Teens should take part in self-confidence-building sports and activities, writes fitness trainer Ron Cain. (File - Metro Creative)

Teens should take part in self-confidence-building sports and activities, writes fitness trainer Ron Cain. (File - Metro Creative)

Teach children and teens healthy habits

Society is battling an epidemic of obesity, anxiety, depression, diabetes, and bullying among youth

Ron Cain | Contributed

There is no doubt the value of exercise in young children and teens’ physical and mental well-being. The evidence is overwhelming.

Society is battling an epidemic of obesity, anxiety, depression, diabetes, and bullying among youth at levels never seen before. So this leads to the question: What can parents and schools do to prevent young children from reaching a crisis point as teens?

I did not grow up in any way remotely like most kids do today. I feel lucky. I did not know addiction to fat, sugar, salt, nor addiction to mind-numbing computer games, and certainly not cyberbullying. I could not replicate the 1960s for my kids as a parent, but we certainly took a different path than most. From that experience, as well as my 40 years of observing health and fitness, I form the following opinions:

For young children

• Encourage play by unplugging children from electronics. Let the outdoors and games be their classroom.

• Children are keen observers of parental behaviour, and they are likely to develop the same habits. Be the parent that plays soccer with the kids, not just drive them to their game and watch from the sidelines while having a smoke.

• Take regular family walks, bikes and hikes.

• Develop a tight schedule around bedtimes and mealtimes – structure helps reduce anxiety and stress in children and develops good habits.

• Get them involved in self-confidence-building sports and activities as young as possible, so long as it’s fun and involves plenty of movement and structure supporting learning and teamwork. Age three is a good age to start that process. Six is a good age for team sports. Ten is fine for competitions.

For teens

If your teen has developed an addiction to video games and never exercises, helping them develop new, healthy habits may be an incredible challenge. There are a few things, however, that are easy to do with teens, maybe something that will work for your family:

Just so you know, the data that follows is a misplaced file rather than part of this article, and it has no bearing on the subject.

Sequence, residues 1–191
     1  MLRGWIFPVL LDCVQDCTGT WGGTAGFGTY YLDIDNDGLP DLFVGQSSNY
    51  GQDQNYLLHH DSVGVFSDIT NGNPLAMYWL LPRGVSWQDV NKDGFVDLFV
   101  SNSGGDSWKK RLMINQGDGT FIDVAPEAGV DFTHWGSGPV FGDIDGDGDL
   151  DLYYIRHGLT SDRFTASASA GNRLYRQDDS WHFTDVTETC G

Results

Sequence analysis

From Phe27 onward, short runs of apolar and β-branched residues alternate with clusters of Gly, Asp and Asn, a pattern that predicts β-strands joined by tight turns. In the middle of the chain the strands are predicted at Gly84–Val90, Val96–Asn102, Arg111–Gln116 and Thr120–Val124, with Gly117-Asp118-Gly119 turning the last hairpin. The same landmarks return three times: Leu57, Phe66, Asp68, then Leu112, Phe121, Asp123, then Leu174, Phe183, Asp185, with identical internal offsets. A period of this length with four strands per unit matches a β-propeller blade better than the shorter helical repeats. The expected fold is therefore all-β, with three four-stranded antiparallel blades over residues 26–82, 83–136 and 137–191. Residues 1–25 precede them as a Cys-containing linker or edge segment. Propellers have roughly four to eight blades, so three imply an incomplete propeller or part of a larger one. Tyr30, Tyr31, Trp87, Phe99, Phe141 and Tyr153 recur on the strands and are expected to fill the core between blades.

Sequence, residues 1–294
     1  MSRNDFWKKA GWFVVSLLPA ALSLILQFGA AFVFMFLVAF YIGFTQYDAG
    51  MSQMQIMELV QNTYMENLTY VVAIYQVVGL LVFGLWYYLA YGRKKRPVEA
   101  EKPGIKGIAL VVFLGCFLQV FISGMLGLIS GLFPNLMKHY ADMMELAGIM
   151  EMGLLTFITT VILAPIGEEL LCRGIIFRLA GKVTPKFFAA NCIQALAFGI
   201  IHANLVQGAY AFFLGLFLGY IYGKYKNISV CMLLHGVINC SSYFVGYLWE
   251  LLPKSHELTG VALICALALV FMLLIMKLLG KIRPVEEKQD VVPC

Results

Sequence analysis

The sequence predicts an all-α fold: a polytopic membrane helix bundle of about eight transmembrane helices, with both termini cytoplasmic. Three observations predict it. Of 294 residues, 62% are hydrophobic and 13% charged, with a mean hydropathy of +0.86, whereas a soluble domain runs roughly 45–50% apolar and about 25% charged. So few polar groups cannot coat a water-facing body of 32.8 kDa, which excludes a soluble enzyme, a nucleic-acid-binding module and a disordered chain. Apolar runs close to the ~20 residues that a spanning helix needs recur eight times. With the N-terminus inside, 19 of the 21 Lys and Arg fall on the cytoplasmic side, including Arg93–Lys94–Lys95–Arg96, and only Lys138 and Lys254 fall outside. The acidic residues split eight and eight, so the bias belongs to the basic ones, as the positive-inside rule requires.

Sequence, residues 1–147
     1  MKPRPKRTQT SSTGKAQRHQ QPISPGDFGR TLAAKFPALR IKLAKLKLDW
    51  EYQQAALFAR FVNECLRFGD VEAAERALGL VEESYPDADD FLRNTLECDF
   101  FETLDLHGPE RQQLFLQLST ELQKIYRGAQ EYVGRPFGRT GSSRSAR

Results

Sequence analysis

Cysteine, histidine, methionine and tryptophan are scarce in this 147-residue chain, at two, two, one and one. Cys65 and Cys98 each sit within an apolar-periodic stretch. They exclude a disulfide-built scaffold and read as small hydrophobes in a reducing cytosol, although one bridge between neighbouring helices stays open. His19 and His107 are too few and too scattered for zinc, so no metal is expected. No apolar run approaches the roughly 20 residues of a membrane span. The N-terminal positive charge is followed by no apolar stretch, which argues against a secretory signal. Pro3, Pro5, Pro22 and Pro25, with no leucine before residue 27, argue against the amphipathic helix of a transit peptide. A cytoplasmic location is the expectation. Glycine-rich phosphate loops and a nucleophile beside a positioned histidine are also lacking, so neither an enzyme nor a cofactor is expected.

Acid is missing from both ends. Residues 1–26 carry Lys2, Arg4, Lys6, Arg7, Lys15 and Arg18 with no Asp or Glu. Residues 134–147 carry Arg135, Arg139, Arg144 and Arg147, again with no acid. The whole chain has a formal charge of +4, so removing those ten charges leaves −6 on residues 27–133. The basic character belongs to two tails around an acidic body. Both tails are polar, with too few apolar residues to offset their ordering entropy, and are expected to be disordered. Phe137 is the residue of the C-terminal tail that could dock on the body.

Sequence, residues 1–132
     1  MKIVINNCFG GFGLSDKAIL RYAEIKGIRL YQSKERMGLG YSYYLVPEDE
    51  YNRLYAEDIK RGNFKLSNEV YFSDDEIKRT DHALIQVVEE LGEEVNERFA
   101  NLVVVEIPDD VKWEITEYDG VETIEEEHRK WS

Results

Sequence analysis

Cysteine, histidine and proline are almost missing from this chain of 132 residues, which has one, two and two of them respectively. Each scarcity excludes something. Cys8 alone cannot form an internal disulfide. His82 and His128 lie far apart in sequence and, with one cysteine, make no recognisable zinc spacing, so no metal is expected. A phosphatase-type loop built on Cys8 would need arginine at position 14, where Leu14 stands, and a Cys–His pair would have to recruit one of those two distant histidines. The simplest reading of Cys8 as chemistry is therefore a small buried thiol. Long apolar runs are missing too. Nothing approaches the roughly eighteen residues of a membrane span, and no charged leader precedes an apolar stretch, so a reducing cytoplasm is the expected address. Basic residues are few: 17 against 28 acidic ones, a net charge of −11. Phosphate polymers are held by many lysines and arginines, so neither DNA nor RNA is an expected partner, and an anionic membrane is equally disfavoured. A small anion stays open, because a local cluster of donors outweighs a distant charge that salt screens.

• Establish a power charging area for cellphones in the front entry of your home and require all phones to be docked when they enter the house. Access to cellphones then must be earned with homework, chores, and a workout completed.

• On laptops enable the built-in software for parental controls to limit access to online sites that teens need to be protected from – and make that function password-protected.

• Cellphone internet access can similarly be controlled. Teens frequently access social media sites that are also commonly used by online stalkers and bullies. Consider not having data on the phone to encourage less use.

• Workout with your teen. Don’t be a drop-off and dash parent – set an example with becoming a workout partner. Throw a ball around the backyard, take karate or yoga with your teen – lead by example and have a shared adventure.

• Encourage healthy eating habits by teaching your child how to cook and making choices based on nutritional information. The best way to help your teen maintain a healthy diet is to have the whole family follow the same food choices. If you want your teen to eat breakfast, sit down and eat with them – setting an example is first and foremost.

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Ron Cain is the owner of Sooke Mobile Personal Training. Email him at sookepersonaltraining@gmail.com or find him on Facebook at Sooke Personal Training.



editor@sookenewsmirror.com

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